The Augmented World – Brittle Bones

I stand on the sleek boulevard overlooking the dock and my bones are filled with frost and duty. They tell me someone from my family has always stood on this spot, this or one very much like it, looking out towards the Wavering Sea which lies outside the City. My hands ache, tugged towards the water as if the ice in my veins longs to return to its former, more relaxed state, to roll gently to and from both sides of the body of water. I can’t help but lean a bit further on the rail, as if the salt has one hand on the small of my back and two fingers in my nostrils, pulling me closer and closer to its abode. Around me, the busy traffic on the boulevard is as brisk as ever, although its easy to detect people picking up their pace as they pass by me. I snort, causing two boys who were just getting close to skip their stride and cast frightened glances towards me. From their reaction, slightly more than I am used to but nothing too out of the ordinary, I can gather that the storytellers have been plying their trade well recently. The man next to me, clad is he is in his crimson raiment, walks softly towards the boys and assures them that everything is alright in his golden voice. This one will be a problem.

They tell us, my family that is but also all denizens of the City, that the sea was here before us but not by much; right after the glacial melt turned this massive dust bowl into an enclosed ocean (“right after” in geological scale, of course), a Galadcar came from…somewhere and looked out across it. That somewhere constantly changes, revolving around a choice of tired tropes; we either came across a mountain or from a forest or from a land so far away that its name only means “The Far Place” or some other nonsense that the storytellers feel would loosen people’s purses. Wherever we came from, we’ve been here for ages; now there’s a City here which mistakes us, me, as part of it, rationalizing our presence so that it makes sense inside their municipal narrative. Almost a physical extension of that narrational effort, the lights of the City spill out over my shoulders and towards the sea, obscuring the stars and lending the wave-foam a glitter, as if a thousand pearls were scattered into the night air with every susurration of the waves. The lights of the City spill over me just like any other person, enfolding me in their possessive embrace, luminescent versions of the City’s attempt to incorporate us into something which makes sense.

Like the people now walking around me, to and from their early evening business, who smell the ages on me, the storytellers and mayors and aldermen created a vacuum around us inside which they could cast us, me, into appropriate roles. Guardians, watchers, those who stand at a border, perhaps the least understood border of the City, the border with the sea. A border which never stays still, which constantly moves and from which comes the dual blessing of magic. They call it the Wavering Sea because, like all bodies of water, it defies definition and demarcation. But they also call it that because, without it, the City would waver, and they feel that incosistency, that dependence in their bones, in the same place frost and duty live in my own skeleton. As the crimson-clad man returns to my side,  I consider his kind’s role in all of this. They are the visible sentinels of the City, patrolling its streets and assuring everyone that everything will be just fine, that all is in order since they, their sentinels, had killed all there was to be afraid of. They, by which I mean both the citizens who occupy its streets and the shadowy structures which rule them, don’t like to recognize the unusual nature of their demesne, shoveling the remnants of how the world was made into the realms of stories and histories, so that they can ignore that the stories are real and that they walk their streets. And we? We’re the postman stationed at the door underneath the bed, the portal through which the magic pours in, holding the portal closed enough to keep the worst of the night out but not so closed that the nocturnal part which makes brains exist, disappears. While our more visible counterparts destroy the odd thing that makes it in.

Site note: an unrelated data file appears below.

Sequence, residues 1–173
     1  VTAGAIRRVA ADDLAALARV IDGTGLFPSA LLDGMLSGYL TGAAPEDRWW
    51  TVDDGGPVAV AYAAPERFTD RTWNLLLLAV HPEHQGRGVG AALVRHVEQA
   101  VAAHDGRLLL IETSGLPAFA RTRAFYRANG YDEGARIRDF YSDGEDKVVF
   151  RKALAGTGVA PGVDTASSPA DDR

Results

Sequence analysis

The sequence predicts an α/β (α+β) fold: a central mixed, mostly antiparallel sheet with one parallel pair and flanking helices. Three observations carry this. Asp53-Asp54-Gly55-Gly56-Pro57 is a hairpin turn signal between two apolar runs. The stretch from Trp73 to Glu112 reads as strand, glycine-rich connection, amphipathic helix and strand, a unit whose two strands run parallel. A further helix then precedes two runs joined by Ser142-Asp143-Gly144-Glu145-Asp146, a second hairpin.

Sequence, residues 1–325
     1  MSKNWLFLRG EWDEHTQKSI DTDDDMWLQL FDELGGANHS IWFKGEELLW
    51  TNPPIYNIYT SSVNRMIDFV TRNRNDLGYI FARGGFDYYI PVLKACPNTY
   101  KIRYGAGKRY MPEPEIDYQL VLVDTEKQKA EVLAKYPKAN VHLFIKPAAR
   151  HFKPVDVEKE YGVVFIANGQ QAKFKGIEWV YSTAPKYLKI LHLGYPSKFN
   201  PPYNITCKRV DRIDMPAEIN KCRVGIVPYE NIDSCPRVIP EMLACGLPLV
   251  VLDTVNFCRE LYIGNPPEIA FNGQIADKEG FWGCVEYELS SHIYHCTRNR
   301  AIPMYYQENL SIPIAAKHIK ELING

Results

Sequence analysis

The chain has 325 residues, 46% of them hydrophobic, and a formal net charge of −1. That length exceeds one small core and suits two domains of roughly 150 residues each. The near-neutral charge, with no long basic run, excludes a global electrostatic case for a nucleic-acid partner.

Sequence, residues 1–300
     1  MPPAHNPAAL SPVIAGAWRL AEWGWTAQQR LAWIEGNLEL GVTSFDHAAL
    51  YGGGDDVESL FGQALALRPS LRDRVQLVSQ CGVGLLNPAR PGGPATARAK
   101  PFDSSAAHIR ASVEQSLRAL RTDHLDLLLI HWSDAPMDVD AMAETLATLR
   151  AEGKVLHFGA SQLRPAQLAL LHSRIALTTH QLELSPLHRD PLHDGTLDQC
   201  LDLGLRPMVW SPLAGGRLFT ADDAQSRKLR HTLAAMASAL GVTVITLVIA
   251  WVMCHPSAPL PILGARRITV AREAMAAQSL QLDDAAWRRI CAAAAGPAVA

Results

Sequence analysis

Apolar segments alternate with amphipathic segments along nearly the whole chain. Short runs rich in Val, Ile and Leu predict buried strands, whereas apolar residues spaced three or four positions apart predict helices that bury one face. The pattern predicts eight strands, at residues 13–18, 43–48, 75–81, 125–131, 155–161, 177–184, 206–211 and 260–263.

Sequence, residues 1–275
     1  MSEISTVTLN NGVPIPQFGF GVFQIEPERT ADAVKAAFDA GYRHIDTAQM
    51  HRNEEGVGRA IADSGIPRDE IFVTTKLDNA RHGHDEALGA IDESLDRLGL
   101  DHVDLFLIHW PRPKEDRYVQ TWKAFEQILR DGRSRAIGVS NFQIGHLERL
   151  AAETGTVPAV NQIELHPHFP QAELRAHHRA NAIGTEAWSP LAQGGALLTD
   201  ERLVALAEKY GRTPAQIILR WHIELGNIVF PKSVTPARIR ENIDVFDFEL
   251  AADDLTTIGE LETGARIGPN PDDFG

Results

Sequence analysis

A perfect balance then, one which affords the City the wavering of reality on which its existence relies while keeping out the worst of what would seek to undo its precious routine and stability. Which is, of course, nonsense. Magic does indeed pour in from the Wavering Sea but we were here long, long before the City ever needed a psychological scapegoat, a guardian whose job it is to allow them to forget that which he is guarding from, long before these…Guards ever began their assignations. The pain in my fingers increases and my heart starts beating faster. My sailors must have hoisted the sails; I can feel it deep within, my own personal, internal glacier shifting in the face of the prospect of return, another voyage on the skin of its ancestors, its liquid forefathers. The voyage is inevitable now, not that there was ever a real doubt of that; the narwhals have been riding high recently, the tell-tale surges of their presence increasing in size, the more philosophical parts of their existence pushing against the proverbial door. I knew this was coming, as always; I had woken up last week from dreams filled with horns braying over open water, a sound no human should ever be forced to here as frequently as I have, right before the City Guard had knocked on my door. I walked up and opened it before he had the chance to rap on the wood and prepared my best cynical smile, a preparation which proved for naught as his eyes captured me for an instant.